Student’s Winning Robot Project Sends Him to Japan
– Florida Tech freshman Jason Schuler was one of just two students chosen for the U.S. Army Operation Cherry Blossom Award. The award was made at the Intel
International Science and Engineering Fair, held recently in Cleveland, Ohio.
Schuler, who won for a robotics/artificial intelligence project, was selected for the honor along with a freshman from Princeton University (for a
different project). The two will go to Japan to meet with military VIPs, U.S. dignitaries at the U.S. Embassy, and the Japanese Royal Family.
Schuler built two identical robots for the project, each capable of “walking” and “learning,” via artificial intelligence. The robots can determine a
routine that uses the most efficient sequence of movements to successfully execute steps. Also, the two robots can communicate with each other for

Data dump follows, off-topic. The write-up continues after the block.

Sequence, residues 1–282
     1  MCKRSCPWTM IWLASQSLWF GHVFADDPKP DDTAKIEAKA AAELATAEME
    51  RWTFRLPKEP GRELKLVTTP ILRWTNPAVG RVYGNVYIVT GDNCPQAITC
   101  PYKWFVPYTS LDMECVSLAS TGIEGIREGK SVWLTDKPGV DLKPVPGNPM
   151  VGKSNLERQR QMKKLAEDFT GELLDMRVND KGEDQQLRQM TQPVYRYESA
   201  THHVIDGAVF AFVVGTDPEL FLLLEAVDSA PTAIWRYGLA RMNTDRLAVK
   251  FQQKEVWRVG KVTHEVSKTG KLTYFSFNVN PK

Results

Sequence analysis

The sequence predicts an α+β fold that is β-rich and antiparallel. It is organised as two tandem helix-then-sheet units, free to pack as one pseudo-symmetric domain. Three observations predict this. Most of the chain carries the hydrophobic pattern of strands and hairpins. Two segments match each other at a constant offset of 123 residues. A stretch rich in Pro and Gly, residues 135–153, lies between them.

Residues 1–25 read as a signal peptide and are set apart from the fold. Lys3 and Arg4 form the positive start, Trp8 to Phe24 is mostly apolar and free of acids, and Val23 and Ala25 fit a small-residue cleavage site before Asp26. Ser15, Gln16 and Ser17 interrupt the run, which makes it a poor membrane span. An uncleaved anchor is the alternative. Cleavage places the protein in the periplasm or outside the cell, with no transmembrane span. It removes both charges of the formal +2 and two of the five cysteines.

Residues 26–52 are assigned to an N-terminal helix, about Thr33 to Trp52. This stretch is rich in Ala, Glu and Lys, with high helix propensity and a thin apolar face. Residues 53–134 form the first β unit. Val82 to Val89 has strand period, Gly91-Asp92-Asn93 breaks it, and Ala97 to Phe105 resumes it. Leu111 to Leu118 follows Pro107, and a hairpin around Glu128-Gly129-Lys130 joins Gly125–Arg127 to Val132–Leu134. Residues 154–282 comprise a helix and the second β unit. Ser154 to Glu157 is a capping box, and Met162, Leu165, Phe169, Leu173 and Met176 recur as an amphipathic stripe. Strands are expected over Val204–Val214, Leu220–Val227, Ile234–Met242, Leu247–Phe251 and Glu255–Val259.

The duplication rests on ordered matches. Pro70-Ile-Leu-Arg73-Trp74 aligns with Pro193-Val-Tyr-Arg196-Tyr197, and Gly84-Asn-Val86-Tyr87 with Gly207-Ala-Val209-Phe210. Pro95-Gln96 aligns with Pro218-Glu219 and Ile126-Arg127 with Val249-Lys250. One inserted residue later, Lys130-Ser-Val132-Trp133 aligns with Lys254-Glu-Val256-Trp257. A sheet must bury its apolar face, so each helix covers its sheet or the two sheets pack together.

cooperative learning, which nearly halves the learning time.
The Army is interested in the project’s cooperative artificial intelligence aspect. Of possible use in unmanned warfare devices, this could obviate the
need for remote control. A robot can “scout” for long periods of time with virtually no human interaction necessary.
“The applications are endless because the cooperative learning concept is the main point. This concept could help create robots that mow your lawn faster
to unmanned aerial vehicles that can find a bush fire and notify a park ranger,” said Schuler.
Schuler, a mechanical engineering major, also won a U.S. Navy scholarship and took second place in the Engineering category at the Intel event. Earlier, at
the Pinellas Regional Fair, Schuler won Best of Fair, first place in the Engineering category, the Hoover Young Engineer Award, U.S. Army Award and a U.S.
Schuler graduated in May 2003 from the Center for Advanced Technologies, a magnet program at St. Petersburg ‘s Lakewood High School.